Lt. Robert Wehrman, 22, smiles from the seat of the P-51 Mustang
Lt. Robert Wehrman, 22, smiles from the seat of the P-51 Mustang he crash landed in the English countryside in March 1944. He later recalled, “I’m sitting up high like that because the cockpit was full of dirt it scooped up as I slid along on the belly.”

Improbable Escapes

First it was Sully and the Miracle on the Hudson. Then came Tammie Jo Shults and Southwest Airlines Flight 1380’s engine failure and subsequent emergency landing. Just like Sully and his copilot Jeff Skiles, former U.S. Navy F-18 fighter pilot Shults and her second-in-command Darren Ellisor (a former Air Force pilot) remained calm and professional during their emergency, much to the apparent amazement of headline writers everywhere. But as AvWeb blogger Paul Bertorelli wrote, “Well, of course she remained calm. Would we expect anything less? And besides, screaming and panic sound really bad on the tape.”

I’d be the last person to take anything away from these pilots’ skill and sangfroid. But this kerfuffle got me reflecting on a time not that long ago when pilots faced similar or far more dire emergencies on a nearly daily basis. There are miles of footage of combat airplanes returning from World War II missions with seemingly impossible battle damage, and untold numbers of still photos showing airplanes with huge sections ripped apart by flak, enemy fighters, or midair collisions.

In many of the pictures, the pilot can be seen poking through a gaping hole in the tail or wing and wearing a big smile. And many of those pilots and other crewmembers had not yet reached their 25th birthday. I was privileged to meet several of them in their later years—most are gone now—and they all remembered their improbable escapes not so much as “fantastic stories” but rather, as little more than “all in a day’s work.”

But they did recall those escapes in vivid detail. One B-17 combat pilot, sitting in the left seat of a parked “Flying Fortress” and describing one mission for me, calmly pointed to exactly where the 20mm canon shell passed through the flight deck; it went out the other side, he said, and exploded when it hit the inboard right engine, setting it on fire. The way he described it, you might have thought he was talking about the time his son knocked a baseball through the garage window.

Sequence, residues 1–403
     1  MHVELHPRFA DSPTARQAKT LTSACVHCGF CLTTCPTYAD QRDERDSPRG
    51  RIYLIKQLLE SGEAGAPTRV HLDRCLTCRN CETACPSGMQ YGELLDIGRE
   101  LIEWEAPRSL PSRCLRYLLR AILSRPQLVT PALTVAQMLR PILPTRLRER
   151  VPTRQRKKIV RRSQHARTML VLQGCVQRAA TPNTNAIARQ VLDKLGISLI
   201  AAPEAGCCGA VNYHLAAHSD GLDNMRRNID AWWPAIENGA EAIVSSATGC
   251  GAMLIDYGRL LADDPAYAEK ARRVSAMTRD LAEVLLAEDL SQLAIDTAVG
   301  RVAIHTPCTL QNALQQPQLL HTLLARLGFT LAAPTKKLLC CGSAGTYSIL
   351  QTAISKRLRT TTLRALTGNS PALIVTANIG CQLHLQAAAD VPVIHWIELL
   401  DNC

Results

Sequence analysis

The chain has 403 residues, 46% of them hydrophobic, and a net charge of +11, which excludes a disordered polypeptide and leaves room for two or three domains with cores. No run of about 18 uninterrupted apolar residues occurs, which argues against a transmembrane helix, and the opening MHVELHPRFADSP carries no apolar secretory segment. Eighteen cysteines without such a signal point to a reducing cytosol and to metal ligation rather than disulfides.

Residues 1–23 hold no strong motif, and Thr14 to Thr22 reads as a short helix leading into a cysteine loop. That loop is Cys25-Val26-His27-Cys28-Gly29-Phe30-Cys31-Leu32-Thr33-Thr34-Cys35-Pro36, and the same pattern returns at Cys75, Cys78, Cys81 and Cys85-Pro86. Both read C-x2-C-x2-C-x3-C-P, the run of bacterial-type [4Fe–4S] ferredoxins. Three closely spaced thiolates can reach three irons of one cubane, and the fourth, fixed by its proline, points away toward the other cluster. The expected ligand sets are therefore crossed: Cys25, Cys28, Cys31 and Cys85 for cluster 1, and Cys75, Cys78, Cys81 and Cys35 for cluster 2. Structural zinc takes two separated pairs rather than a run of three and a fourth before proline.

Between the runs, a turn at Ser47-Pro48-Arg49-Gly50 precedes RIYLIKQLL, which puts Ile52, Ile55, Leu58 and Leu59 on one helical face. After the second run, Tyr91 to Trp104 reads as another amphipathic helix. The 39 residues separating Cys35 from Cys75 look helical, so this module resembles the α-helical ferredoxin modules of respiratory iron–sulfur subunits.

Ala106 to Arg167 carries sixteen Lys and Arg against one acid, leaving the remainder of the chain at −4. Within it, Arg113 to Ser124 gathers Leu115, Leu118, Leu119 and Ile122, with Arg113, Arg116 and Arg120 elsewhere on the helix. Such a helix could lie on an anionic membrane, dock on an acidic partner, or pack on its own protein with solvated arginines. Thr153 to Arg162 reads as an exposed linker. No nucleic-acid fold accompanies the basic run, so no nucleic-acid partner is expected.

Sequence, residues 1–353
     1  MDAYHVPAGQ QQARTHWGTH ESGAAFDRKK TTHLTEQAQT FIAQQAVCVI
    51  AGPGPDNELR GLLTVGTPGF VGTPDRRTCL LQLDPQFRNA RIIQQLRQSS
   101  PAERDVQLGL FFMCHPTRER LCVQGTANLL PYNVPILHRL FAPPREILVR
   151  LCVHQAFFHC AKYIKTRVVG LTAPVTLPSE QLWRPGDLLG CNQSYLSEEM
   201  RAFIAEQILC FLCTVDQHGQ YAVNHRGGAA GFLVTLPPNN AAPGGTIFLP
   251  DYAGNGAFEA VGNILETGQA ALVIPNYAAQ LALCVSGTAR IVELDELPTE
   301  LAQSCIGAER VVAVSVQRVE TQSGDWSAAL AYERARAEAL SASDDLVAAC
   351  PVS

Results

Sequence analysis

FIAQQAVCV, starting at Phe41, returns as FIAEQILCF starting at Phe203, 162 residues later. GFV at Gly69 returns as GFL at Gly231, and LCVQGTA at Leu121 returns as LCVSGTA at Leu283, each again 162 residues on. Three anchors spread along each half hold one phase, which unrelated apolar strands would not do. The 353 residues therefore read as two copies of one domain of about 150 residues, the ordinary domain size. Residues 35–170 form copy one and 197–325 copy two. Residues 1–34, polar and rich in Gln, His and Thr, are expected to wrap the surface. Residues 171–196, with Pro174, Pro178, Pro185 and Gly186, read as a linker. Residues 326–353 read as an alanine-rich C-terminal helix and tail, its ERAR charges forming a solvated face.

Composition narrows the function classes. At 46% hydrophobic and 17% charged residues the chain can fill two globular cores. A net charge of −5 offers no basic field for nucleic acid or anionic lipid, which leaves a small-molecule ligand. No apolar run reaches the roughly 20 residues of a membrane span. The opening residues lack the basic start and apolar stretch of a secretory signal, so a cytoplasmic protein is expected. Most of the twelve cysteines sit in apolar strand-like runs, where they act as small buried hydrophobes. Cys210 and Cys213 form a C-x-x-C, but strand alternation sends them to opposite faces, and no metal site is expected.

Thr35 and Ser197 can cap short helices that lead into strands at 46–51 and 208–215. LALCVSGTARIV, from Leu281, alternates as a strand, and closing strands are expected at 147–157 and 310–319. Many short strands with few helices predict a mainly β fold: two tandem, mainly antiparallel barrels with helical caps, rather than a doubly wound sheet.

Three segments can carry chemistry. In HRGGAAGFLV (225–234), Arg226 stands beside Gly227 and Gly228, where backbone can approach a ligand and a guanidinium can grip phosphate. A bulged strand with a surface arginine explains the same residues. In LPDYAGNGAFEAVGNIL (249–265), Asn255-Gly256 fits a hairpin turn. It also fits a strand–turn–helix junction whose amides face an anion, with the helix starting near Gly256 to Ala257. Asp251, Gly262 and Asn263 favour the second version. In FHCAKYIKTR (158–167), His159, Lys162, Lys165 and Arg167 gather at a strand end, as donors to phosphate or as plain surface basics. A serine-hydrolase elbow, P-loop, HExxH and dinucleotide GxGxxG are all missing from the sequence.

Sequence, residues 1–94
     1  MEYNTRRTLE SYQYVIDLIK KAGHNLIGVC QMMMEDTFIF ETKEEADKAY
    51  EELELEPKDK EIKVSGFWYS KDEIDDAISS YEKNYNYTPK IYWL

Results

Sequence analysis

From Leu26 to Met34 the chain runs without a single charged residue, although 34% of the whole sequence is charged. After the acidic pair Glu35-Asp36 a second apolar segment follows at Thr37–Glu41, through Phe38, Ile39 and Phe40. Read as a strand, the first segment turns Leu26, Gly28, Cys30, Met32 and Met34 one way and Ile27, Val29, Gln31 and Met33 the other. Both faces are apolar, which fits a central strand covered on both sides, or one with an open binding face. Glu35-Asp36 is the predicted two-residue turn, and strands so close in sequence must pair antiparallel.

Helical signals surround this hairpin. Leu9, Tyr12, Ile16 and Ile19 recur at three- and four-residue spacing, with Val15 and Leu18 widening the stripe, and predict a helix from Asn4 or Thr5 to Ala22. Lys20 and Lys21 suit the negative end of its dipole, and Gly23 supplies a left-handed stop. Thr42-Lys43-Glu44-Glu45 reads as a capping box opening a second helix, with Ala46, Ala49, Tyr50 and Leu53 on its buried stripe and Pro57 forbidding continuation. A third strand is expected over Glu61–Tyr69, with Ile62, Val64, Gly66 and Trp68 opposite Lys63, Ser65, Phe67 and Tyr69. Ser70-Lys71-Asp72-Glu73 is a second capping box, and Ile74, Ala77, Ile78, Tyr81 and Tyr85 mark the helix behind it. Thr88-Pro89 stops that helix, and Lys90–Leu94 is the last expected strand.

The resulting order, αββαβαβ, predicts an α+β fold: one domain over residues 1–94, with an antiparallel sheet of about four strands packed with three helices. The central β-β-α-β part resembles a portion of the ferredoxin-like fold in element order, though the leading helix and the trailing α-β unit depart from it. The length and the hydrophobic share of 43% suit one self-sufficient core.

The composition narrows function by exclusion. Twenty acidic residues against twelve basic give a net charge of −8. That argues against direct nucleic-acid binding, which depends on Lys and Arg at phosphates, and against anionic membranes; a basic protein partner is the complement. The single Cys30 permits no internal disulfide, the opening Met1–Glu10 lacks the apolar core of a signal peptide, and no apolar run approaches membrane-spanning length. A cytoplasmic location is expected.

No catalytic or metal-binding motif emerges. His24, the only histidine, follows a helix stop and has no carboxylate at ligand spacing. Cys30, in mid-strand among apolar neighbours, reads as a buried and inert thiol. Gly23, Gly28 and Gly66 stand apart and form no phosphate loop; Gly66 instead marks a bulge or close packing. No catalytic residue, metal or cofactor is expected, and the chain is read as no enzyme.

While brewing a cup of tea in his suburban kitchen in northern New Jersey, aging P-51 Mustang fighter pilot Herb Blanchfield described how he was strafing a German airfield on May 9, 1944 in St. Dizier, France. Anti-aircraft fire hit his engine and he had to pull up to about 3,000 feet to bail out, his leather flying jacket soaked with oil and coolant gushing from his engine. I asked him what that had felt like. He shrugged and said, “I don’t know. You just…do it.” Turning back to squeeze out his teabag, he muttered something about the alternative to bailing out being much less attractive.

Twenty-two-year-old Bob Wehrman from Old Greenwich, Connecticut, was attacked from behind by Luftwaffe Focke-Wulf Fw-190s over France in his single-seat P-47 Thunderbolt on Feb. 4, 1944. A canon shell came through the cockpit, destroyed most of the instrument panel and continued on to the engine, where it blew one of the Pratt & Whitney R2800’s 18 cylinders completely off. Bleeding from a leg wound, he turned toward his base in England.

He told me this story in the early 1990s while we were riding in his Cadillac, on our way to lunch in Southern California. “Somehow, the engine kept running…sort of,” he said. “But the windshield was covered with oil and I couldn’t see out.” The only instruments still operating were his turn-and-bank/slip-skid indicator (“needle and ball”) and his airspeed indicator, the bare minimum for staying right side up, even when you’re not bleeding and large parts of your engine have disintegrated. “They trained us to sing out loud to ourselves so we’d focus on the procedure for flying on partial-panel. So I kept repeating, ‘[in sing-song tones] Needle, ball, and airspeed/Needle, ball, and airspeed…’”

Bob made it back to his base and recovered from his wounds. A month and a day later, he was flying again and crash-landed a spanking new Mustang through thick fog, taking down power lines in East Sussex, England. The engine had quit due to mechanical failure as he was returning from a mission over German-occupied France. Bob had only a few seconds to pick a landing spot once he broke through the low overcast.

He told me how the man who helped pull him from the cockpit took him to the local pub to “steady his nerves.” Because of the power outage, it was dark inside. “No one there could tell I was the pilot, and I kept quiet, because the locals were complaining about why the ‘bloody Yank, whoever the ’ell he was’ couldn’t have come down a few more yards off the road, instead.”

Frank Speer of Emmaus, Pennsylvania, was another Mustang pilot I got to know pretty well. He destroyed six German airplanes, got shot down by flak, and spent the rest of the war in a POW camp. Frank wrote a few books about his experiences, and I helped edit one of them. I even got to fly with him. One time—probably after I’d asked him one more question about some minute detail—he told me, “I’m just amazed that you’re still interested in all this stuff. I think it’s great! Hardly anyone today cares what we did back then.”

Maybe that’s because what was “routine” in their time seems almost unimaginable now.    

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